- The combination of Remelink's jazzy sax moves, the rhythm section's funky bottom, some bubbly synthesizers, those mandolins, and Bennett's gravely vocal made the opener 'I Know My Baby' extremely hard to describe.  It may have been weird, but it was certainly fun.   rating: *** stars

- 'Long Hot Summer' started out sounding like something off of a Focus album, before opening up into the album's most commercial track.  Yeah, it took a moment to get accustomed to Bennett's accented vocals, and the instrumental breaks disrupted the songs flow, but overall the track actually rocked along with considerable energy.  Easy to see why it was tapped as the first single.  By the way, this one sure sounded like it has some electric guitar on it.  Check out the fade out jam section.   rating: *** stars

- The lone cover, 'Hunting Song' was also the album's most folk-oriented track. If you were a fan of the Pentangle original (think it was on "Basket of Light"), then this version probably didn't do a great deal for you.  The jazz-fusion section was certainly unexpected.   For some reason Polydor tapped this as the album' second single.  rating: ** stars

- 'Don't' found the band going back to a brighter, more commercial sound.  With a breezy melody and nifty hook, this one would have made a nice single.  rating: *** stars

- 'Bizarre Medley' was an eight minute, three part instrumental composition.  'Bizarre' started out sounding like a slice of new age mediation background music and then picked up a bit of rock attitude with what sounded like some electric guitar to my ears.  Pleasant, but not the most invigorating thing you ever heard.    rating: ** stars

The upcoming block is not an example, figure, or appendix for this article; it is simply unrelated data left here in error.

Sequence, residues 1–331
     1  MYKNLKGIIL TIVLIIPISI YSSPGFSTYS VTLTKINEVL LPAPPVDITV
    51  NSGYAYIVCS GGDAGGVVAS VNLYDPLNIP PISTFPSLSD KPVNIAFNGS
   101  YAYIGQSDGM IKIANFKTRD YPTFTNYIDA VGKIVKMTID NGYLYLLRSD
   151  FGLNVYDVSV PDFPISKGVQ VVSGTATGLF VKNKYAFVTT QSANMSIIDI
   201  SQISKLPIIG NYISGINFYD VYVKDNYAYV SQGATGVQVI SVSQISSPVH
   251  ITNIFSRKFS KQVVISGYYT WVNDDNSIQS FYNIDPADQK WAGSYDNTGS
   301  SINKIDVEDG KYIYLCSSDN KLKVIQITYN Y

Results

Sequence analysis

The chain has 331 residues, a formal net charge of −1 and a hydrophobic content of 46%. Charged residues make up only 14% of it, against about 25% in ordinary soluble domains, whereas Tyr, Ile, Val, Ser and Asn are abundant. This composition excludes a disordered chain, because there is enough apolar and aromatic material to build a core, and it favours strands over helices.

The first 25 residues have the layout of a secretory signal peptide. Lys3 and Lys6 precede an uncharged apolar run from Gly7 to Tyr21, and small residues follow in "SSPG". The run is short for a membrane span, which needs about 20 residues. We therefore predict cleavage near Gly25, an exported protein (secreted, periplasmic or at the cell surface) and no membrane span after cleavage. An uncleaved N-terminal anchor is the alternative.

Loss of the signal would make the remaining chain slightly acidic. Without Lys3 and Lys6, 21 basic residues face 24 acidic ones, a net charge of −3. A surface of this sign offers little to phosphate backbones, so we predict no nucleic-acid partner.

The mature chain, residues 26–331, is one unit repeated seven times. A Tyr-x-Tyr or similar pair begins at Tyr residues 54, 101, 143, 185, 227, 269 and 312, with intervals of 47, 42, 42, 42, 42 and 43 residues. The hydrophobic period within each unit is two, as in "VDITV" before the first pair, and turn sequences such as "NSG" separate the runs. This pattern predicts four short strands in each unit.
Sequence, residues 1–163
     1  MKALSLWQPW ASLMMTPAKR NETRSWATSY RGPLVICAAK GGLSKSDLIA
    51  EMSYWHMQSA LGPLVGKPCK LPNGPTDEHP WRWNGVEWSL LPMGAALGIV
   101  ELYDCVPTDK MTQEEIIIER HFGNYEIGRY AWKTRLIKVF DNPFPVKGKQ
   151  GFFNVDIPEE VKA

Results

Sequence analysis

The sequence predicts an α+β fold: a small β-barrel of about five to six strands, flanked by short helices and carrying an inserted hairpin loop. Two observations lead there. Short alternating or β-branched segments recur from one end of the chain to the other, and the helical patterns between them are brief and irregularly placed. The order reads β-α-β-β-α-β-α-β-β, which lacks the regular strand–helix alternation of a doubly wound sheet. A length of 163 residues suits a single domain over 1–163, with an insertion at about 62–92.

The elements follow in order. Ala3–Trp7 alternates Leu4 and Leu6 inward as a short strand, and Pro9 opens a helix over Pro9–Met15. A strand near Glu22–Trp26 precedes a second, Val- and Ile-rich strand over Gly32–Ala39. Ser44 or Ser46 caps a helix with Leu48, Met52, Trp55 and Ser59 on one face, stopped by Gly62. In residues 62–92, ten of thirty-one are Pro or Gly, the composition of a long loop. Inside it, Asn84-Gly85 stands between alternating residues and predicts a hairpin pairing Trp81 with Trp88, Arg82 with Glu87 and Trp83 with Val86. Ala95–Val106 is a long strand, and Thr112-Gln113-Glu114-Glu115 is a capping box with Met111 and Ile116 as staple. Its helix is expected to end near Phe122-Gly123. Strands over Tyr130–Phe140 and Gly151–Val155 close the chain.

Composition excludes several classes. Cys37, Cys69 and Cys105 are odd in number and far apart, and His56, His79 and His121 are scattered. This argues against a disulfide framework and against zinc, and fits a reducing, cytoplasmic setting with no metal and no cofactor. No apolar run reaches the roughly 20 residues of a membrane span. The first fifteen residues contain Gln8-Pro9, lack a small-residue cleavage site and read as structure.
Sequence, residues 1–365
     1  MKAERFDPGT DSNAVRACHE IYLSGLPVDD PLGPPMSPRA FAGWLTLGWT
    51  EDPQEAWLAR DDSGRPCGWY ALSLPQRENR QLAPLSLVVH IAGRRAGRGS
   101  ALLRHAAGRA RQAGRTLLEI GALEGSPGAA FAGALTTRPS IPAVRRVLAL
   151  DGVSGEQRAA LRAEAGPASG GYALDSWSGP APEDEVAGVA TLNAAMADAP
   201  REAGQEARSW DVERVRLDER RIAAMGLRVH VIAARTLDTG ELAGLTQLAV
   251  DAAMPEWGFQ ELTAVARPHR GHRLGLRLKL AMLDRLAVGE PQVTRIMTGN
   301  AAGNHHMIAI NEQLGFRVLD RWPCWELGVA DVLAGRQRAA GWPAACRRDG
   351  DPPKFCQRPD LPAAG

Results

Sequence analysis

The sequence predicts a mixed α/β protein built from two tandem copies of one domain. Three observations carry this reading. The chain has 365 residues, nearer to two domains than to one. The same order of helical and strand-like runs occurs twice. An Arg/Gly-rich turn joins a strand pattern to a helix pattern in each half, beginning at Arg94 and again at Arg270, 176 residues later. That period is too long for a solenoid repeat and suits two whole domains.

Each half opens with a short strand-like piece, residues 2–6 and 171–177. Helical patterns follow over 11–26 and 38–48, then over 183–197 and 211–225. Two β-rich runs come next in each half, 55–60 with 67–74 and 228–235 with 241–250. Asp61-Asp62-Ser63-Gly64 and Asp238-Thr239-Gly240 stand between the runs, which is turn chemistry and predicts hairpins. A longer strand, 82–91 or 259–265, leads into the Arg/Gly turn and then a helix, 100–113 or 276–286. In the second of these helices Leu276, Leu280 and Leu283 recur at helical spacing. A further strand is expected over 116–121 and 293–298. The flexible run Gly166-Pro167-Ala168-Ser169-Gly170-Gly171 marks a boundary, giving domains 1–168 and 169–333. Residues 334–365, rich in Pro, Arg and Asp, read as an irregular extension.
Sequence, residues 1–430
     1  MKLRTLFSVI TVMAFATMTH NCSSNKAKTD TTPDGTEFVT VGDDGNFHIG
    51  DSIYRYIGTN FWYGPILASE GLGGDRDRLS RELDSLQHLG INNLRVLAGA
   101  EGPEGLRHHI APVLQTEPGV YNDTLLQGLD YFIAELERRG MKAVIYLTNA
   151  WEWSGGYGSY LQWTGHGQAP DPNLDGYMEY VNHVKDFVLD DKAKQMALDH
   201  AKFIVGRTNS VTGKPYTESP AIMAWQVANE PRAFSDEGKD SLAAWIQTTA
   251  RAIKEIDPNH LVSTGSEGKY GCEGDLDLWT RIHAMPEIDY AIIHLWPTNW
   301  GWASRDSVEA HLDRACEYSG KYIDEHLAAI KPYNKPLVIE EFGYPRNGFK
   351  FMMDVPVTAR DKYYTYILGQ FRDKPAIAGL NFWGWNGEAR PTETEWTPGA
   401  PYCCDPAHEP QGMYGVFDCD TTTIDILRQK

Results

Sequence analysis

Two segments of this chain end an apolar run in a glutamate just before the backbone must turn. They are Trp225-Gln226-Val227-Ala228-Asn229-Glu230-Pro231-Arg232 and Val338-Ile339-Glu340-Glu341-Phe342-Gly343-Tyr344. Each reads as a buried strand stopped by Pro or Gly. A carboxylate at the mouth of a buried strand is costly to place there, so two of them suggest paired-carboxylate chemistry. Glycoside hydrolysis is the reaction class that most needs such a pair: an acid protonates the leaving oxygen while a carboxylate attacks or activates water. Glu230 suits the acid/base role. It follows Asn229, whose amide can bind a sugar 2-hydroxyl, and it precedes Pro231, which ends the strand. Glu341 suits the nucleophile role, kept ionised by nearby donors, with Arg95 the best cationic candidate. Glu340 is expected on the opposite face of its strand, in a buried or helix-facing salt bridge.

- The midsection segment 'Yquem' showcased mandolins, flute and some synthesizers.  Once again, the instrumental had a vague new age feeling that simply didn't do a great deal for me.    rating: ** stars

- Complete with bells and what again sounded like electric guitar, 'Finale' sounded a little like something from Mike Oldfield's "Tubular Bells" album.

- 'Ode to the Highways Medley' was another three part instrumental suite.  'Ode to the Highways' started the composition out with a adult contemporary jazz feel.  Nothing particularly special, though it was interesting to note it would be another ten years until this kind of stuff started clogging the airwaves.   rating: ** stars

- The keyboard powered instrumental started out sounding like something off of a Liberace collection before switching gear into a synthesizer propelled mood piece.  Again, the results were very adult contemporary jazzy.    rating: ** stars

 

Polydor also tapped the album for a pair of Dutch singles:

 

 

- 1975's 'Long Hot Summer' b/w 'Fool' (Polydor catalog number 205 0364)

- 1975's 'The Hunting Song' b/w 'Don't' (Polydor catalog number 205 0381)

 

Simply nowhere near as likeable as The Motions, Shocking Blue, or some of the other bands the principals had played with.

 

"G" track listing:
(side 1)

1.) I Know My Baby   (Robby van Leeuwen) - 5:18

2.) Long Hot Summer    (Robby van Leeuwen)- 4:53

3.) Hunting Song   (Bert Jansch - John Renbourn) - 5:09

4.) Don't    (Robby van Leeuwen)- 3:04

 

(side 2)
1.) Bizarre Medley - 8:10

     a.) Bizarre (instrumental)    (Robby van Leeuwen)

     b.) Yquem (instrumental)   (Robby van Leeuwen)

     c.) Finale (instrumental)   (Robby van Leeuwen)

2.) Ode to the Highways Medley - 7:37

     a.) Ode to the Highways (instrumental)   (Robby van Leeuwen)

     b.) The Entertainer (instrumental)   (Robby van Leeuwen)

     c.) Mandolin Morning (instrumental)   (Robby van Leeuwen)